Often with subtle underlying humour, S P Mount's inimitable styling brings thought provoking stories to readers of all ages.
"Originality is key."
Do you remember the first story you ever wrote?
Yes, I was ten-yrs-old, and it was very much in the style of Enid Blyton's Secret Seven and Famous Five series. I loved those as a child. It was read out a chapter a day at school.
What is the greatest joy of writing for you?
I love the worlds, the times, and the characters I create. I miss many of them dreadfully when I finish writing a story, so much so that I pop in and visit them on occasion. I feel that I breathe life into characters, so that they are real to me. I enact what I want them to say, and who I want them to be as if they are actual people in my life, and only then will write whatever they do and say. I love getting so lost in the stories I create I feel that I am there in person. The greatest joy of that is escaping into the fantasies of a world with no limits. Worlds where I can call out in a way I might not be able to do in the real world.
Following a catastrophic event, a lone wolf astronaut on a mission to Mars regains consciousness to find he is the only person left in existence. Met only by the pitch of black and a deafening silence, he reflects on the life he thought he hated. Just as his oxygen supply runs out, an astonishing turn of events presents him with an ultimatum that would change the nature of everything he ever knew.
A 20th century aristocrat deserter runs psychological rings around a group of psychiatrists gathered to assess the result of his lobotomy-the first ever conducted in wartime Britain–as well to get him to finally admit to a series of heinous crimes involving the crude hybridization of man and beast. But he's not at all what they expected;Insisting he was sent there by a future version of humankind.
A boy meets whom he thinks is his older self at a Scottish country mansion. If only it were that simple.
Overnight, with the help of a peculiar housekeeper, Julian must decipher the complexity of an unusual Mayan globe together with a mysterious board game originated from an alternate universe - one that manipulates time, dimension and weather and the key to averting a life-changing threat.
Ignatius Ignoramus, The Ill-Fated
on Sep. 08, 2012
TFR, finally - and anyone else reading will know what that stands for by reading the foreword.
How utterly and deliciously ridiculous was this short story. And what a lovely surprise to find it dedicated to myself - although I am not sure at all if I'm proud of being responsible for any author to be able to reach into their inner idiot to produce such a piece of nonsense.
While the story is absolutely ludicrous, and no doubt an amusement, I really think children would really like it too, and I could really see illustrations of the highly inventive characters accompanying this story. But what struck me, and for any reader coming to another, more serious Jerriann Law story, was the sheer flow of the writing and the unusual imagination that are beautifully demonstrated here, an indication of how the author's mind's eye can stray across an abyss of imagination with ease and inventiveness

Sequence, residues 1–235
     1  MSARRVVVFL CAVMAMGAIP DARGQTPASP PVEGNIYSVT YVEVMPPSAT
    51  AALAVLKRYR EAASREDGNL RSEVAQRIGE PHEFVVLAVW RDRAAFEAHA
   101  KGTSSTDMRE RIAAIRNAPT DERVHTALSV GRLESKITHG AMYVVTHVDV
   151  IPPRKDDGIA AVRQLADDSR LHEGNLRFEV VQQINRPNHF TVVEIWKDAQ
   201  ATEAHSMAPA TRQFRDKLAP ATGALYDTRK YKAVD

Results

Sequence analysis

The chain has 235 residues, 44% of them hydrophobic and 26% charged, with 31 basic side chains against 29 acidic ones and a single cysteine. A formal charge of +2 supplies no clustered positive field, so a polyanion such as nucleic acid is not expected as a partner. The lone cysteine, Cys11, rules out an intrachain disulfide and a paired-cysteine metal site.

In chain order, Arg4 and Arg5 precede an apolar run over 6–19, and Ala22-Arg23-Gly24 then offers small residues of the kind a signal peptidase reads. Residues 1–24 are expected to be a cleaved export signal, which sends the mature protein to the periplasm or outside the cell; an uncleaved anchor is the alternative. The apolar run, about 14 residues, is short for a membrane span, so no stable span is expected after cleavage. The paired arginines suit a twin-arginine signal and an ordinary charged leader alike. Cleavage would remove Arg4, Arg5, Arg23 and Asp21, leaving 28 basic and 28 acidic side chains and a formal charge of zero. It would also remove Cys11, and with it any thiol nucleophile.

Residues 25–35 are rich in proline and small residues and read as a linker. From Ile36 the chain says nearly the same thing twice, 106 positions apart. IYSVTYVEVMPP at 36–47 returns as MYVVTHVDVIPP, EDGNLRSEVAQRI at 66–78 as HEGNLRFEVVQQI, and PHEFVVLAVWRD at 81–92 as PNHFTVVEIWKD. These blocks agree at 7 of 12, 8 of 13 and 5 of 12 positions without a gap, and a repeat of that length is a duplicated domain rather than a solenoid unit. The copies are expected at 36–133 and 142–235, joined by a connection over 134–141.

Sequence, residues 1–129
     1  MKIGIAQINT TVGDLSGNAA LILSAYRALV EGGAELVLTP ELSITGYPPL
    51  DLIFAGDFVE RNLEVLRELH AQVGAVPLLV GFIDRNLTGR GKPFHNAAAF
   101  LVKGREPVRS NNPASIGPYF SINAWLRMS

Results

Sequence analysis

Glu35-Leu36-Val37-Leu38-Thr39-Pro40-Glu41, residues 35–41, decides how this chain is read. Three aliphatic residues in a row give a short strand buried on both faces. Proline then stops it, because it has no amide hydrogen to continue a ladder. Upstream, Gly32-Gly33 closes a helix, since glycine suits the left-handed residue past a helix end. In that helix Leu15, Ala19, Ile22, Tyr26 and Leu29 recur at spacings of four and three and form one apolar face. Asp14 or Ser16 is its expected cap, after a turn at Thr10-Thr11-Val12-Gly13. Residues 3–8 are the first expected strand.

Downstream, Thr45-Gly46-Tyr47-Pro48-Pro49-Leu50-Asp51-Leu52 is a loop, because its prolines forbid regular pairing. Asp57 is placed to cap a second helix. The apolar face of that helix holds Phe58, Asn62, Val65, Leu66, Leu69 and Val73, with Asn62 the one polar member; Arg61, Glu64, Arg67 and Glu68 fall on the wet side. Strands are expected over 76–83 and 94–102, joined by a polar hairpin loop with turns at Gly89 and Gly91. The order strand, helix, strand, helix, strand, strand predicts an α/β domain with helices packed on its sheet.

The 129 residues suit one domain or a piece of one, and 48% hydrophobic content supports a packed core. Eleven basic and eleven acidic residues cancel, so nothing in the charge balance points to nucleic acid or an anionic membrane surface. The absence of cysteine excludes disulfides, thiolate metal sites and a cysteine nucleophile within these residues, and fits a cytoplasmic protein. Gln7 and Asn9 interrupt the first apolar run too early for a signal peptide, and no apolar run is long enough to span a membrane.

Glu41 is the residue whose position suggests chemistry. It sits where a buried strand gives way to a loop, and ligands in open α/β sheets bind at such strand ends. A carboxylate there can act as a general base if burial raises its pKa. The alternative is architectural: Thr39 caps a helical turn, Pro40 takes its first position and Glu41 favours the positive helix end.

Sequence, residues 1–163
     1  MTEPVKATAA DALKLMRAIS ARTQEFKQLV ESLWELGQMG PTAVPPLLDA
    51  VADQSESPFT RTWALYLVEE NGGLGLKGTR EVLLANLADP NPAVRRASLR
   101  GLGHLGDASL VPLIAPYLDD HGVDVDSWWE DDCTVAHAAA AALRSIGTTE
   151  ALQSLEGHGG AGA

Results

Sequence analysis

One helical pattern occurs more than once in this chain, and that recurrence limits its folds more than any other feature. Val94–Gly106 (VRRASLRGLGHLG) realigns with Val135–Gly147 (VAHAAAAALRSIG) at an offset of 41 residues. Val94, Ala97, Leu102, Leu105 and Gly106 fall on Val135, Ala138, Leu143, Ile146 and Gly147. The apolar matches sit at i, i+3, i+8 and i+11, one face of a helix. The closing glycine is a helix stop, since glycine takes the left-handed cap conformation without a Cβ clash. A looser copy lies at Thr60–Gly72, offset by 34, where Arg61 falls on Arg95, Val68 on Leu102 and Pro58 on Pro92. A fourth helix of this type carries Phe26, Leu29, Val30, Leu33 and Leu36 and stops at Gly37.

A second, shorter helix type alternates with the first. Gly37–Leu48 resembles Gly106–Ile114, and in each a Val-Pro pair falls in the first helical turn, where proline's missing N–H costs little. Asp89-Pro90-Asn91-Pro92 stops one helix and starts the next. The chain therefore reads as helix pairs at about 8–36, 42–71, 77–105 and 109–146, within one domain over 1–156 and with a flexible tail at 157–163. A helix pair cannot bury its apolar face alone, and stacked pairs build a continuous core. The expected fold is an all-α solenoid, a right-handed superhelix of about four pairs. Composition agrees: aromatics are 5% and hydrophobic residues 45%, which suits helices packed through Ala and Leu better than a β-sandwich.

This little tale is eloquently written and innately told from the heart of a true born storyteller who rose to a challenge to cater to the nonsensical, Yes, I'm acquainted with the author digitally, but I do not give out full marks SIMPLY for that reason. A very well deserved 5 stars for the quality and for conquering a style that, initially, did not come easy to this writer.
Dead Man's Fingers
on Sep. 09, 2012
Familiar with other works of this author, I think this piece was an earlier one. What I find most interesting is her style and word choice, almost foreign to me as a Brit, but I enjoy them, find them quirky. This comes under weird fiction, and most certainly that's what it is. I found the story amusing in that amid everything horrific the characters found themselves, there was time for an obsession with a flying car, a hint of steamy romance as well as the main characters still maintaining a polite demeanour when having tea and cake as if nothing terrible was befalling them at all - which left me wondering if the humour was unintentional as it's not mentioned anywhere. But it certainly made me giggle a few times. With twelve chapters it is a quick, easy and enjoyable read.
on Sep. 26, 2012
If I had been a child, this would have been the kind of story that would have set my intrigue going, an inanimate object with some kind of power attached. As usual, I found the author's choice of wording quirky, middle American, but I guess that's only my own European sensibility; being unaccustomed to it. I don't know much about children's choices today, or what age group this might appeal to, so perhaps not best qualified to comment. Endearing and humorous, perhaps with a latter day innocence and written simply enough for an older 'younger' child to follow on their own.